Bureau of Meteorology Warnings

Warnings are issued by the Bureau of Meteorology (BoM) to tell people about possible flooding.

A Flood Watch means there is a developing weather pattern that might cause floods in one or two days.

A Flood Warning means flooding is about to happen or is already happening. There are minor, moderate and major flood warnings. 

 

 A Minor Flood Warning means   floodwater can:
 
 A Moderate Flood Warning means   floodwater can:
 
 A Major Flood Warning means   floodwater can:
 
Reach the top of the river banks.                     Spill over river banks and spread across low-lying areas. Cause widespread flooding.               
Come up through drains in nearby streets.      Start to threaten buildings, roads, rail, power and other developments. Threaten more houses and businesses.
Cover low-lying areas including riverside camping areas. Require evacuation in some areas.                  Cause properties and whole areas to be isolated by water.
Affect some low-lying caravan parks.              Cover main roads.                                            Disrupt major roads and transport routes.

Cover minor roads, tracks and low level bridges.

  Require many evacuations.                
Spread across land or go into buildings on some properties and farms.    

 

Severe Thunderstorm Warnings 

Thunderstorms are classified as severe when there is potential to cause significant localised damage through wind gusts, large hail, tornadoes or flash flooding. Severe Thunderstorm Warnings are issued to the community by BoM.

Severe Weather Warnings 

These warnings are issued to the community by BoM when severe weather is expected that is not directly related to severe thunderstorms or bushfires. Examples of severe weather include damaging winds and flash flooding.

Flash flooding happens quickly. Residents should listen out for warnings with flash flooding and remember that flash flooding:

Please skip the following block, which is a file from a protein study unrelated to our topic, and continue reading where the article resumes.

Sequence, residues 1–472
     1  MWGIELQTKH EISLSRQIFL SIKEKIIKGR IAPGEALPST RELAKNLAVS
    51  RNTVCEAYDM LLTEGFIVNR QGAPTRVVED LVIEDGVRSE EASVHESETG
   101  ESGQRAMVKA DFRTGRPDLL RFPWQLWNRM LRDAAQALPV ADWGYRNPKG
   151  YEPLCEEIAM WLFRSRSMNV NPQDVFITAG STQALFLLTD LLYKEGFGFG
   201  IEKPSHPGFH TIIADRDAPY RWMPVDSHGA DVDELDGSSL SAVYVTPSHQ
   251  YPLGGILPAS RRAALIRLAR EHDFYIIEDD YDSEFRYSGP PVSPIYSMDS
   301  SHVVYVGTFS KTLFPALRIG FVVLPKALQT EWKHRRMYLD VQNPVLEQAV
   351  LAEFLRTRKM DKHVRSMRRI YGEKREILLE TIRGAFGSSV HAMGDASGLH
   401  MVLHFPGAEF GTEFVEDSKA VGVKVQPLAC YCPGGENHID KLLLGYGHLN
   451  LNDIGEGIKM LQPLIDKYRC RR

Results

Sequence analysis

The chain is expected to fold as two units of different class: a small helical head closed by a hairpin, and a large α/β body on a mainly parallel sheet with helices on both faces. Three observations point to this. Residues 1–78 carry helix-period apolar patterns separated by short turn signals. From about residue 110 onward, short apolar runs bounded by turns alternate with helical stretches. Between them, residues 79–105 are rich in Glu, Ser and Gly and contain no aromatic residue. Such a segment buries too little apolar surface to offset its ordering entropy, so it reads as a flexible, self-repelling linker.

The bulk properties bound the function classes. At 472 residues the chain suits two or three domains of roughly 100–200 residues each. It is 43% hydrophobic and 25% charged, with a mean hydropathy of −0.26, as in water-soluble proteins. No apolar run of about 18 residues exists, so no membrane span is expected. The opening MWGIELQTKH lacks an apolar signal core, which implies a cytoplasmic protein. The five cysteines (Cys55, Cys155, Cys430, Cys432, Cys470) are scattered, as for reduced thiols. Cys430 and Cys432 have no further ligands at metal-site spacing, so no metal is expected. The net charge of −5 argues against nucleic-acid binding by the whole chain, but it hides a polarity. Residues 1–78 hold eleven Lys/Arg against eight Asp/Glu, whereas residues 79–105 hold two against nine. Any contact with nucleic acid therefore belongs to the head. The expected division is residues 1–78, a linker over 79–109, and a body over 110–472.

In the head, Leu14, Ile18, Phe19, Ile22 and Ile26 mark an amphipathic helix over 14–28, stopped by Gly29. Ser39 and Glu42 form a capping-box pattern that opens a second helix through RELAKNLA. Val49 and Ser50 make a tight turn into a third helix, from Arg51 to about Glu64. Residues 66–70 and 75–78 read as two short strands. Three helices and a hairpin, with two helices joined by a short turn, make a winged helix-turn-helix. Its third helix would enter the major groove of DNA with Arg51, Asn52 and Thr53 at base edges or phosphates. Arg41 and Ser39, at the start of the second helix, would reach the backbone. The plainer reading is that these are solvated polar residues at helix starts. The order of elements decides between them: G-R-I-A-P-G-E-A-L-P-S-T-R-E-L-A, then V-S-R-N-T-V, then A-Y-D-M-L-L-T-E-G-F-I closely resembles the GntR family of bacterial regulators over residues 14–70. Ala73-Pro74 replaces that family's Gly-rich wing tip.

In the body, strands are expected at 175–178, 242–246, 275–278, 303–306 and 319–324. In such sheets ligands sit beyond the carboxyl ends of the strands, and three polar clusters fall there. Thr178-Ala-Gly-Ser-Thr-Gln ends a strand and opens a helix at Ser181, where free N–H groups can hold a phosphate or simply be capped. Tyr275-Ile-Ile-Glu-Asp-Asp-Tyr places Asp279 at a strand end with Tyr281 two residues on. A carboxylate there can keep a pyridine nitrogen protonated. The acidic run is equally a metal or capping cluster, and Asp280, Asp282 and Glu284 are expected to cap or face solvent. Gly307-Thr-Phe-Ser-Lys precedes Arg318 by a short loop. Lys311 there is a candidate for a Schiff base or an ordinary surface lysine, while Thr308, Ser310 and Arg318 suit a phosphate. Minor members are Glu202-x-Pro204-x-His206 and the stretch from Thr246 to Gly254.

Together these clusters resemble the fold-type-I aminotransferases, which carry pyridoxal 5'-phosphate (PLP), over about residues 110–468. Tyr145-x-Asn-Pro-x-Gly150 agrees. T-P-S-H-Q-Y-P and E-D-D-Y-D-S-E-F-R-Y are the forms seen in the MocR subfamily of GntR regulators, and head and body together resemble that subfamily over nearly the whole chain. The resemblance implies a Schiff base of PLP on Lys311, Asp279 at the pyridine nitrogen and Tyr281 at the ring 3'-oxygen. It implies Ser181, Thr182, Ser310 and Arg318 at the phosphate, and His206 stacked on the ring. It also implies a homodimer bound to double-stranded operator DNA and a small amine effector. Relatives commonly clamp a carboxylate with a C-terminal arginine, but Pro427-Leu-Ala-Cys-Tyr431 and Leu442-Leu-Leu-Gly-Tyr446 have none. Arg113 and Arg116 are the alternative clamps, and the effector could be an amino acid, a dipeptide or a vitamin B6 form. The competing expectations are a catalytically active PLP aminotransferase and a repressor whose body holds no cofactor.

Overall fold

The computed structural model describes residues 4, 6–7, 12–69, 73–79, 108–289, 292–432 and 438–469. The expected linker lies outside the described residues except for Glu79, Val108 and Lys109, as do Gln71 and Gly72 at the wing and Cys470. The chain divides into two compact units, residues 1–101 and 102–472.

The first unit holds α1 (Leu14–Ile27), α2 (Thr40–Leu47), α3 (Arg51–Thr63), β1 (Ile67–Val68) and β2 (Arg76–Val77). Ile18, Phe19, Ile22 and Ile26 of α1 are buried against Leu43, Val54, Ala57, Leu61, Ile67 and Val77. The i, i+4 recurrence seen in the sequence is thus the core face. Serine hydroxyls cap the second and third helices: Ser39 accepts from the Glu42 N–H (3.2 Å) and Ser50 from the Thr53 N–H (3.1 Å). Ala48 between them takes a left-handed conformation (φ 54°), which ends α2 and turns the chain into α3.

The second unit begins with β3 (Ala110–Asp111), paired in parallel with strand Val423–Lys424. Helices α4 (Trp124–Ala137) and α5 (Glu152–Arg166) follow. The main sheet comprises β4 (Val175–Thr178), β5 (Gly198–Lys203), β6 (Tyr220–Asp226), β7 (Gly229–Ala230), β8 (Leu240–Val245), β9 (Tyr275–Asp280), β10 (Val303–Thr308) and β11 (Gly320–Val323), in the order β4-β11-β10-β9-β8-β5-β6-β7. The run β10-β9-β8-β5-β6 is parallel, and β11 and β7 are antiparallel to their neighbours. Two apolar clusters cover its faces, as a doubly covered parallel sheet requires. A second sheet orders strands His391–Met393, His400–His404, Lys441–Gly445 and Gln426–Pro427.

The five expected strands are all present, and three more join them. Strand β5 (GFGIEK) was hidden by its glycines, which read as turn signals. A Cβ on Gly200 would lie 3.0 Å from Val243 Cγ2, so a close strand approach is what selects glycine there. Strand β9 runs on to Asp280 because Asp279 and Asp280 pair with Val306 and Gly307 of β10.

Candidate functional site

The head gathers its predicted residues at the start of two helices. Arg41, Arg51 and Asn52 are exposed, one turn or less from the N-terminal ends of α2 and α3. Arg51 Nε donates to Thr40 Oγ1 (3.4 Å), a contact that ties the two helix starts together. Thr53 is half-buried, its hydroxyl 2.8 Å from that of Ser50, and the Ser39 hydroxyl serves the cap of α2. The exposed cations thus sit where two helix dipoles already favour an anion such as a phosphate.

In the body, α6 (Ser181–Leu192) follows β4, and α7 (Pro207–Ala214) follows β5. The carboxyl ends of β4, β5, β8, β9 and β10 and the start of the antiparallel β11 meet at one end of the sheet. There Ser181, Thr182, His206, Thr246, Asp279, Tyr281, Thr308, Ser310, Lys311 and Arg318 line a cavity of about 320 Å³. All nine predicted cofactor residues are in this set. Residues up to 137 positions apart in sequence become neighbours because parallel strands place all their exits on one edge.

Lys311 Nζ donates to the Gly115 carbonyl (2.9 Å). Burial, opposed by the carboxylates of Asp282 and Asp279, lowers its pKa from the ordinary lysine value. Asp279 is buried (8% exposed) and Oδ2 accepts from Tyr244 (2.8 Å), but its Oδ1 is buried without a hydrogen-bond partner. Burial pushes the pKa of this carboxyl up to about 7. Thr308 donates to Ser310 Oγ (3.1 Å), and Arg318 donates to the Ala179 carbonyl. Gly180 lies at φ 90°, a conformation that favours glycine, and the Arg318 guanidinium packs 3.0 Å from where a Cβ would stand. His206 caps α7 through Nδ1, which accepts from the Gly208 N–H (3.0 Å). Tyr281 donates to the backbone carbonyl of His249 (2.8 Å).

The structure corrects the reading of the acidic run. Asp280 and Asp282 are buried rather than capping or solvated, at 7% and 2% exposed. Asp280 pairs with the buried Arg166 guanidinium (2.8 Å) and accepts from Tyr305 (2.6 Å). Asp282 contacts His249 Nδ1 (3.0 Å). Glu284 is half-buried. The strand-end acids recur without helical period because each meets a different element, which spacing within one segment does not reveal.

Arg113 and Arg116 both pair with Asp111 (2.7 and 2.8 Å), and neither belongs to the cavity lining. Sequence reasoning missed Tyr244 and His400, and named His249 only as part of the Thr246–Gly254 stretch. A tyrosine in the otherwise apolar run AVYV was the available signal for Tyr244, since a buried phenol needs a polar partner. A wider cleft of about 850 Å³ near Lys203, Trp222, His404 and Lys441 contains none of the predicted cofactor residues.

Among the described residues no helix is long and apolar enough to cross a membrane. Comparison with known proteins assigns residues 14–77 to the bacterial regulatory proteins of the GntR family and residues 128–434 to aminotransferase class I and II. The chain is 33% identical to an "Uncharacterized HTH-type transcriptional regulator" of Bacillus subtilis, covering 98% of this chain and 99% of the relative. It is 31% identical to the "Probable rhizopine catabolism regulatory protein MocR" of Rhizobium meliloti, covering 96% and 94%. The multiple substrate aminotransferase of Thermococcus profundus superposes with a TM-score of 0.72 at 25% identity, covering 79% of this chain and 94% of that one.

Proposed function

• Occurs so fast that it is difficult to provide a detailed warning. Often it arrives without warning.
  • Results from heavy rainfall during short severe storms. 
     

VICSES Warnings

We utilise the VicEmergency app, website and hotline (1800 226 226) to distribute warnings and emergency information in Victoria. Communities can also access this information through our social media channels (Victoria State Emergency Service on Facebook and VICSES News on Twitter) and emergency broadcasters, such as Sky News TV and various radio stations. You can find out more about emergency broadcasters here.

During some emergencies, we may alert communities by sounding a local siren, or by sending an SMS to mobile phones or a voice message to landlines.

VICSES warnings aim to provide you with as much information to help you make good decisions to protect yourself and your family

The warning level is based on severity, conditions and the likelihood that the emergency could impact on the community.

EMERGENCY WARNING
You are in imminent danger and need to take action immediately. You will be impacted. 
WARNING (WATCH AND ACT)
An emergency is developing nearby. You need to take action now to protect yourself and others.
ADVICE
An incident is occurring or has occurred in the area. Access Information and monitor conditions.
Can also be used as a notification that activity in the area has subsided and is no longer a danger to you.
PREPARE TO EVACUATE/ EVACUATE NOW
An evacuation is recommended or procedures are in place to evacuate.
 
COMMUNITY INFORMATION
A newsletter containing updates for communities affected by an emergency.
Can also be used as a notification that an incident has occurred but there is no threat to community. 
EMERGENCY ALERT
During some emergencies, we may alert communities by sounding a local siren, or by sending an SMS to mobile phones or a voice message to landlines.

 

Victorians are reminded to know how to stay informed and to never rely on one source for emergency information.

Read more about VICSES warnings.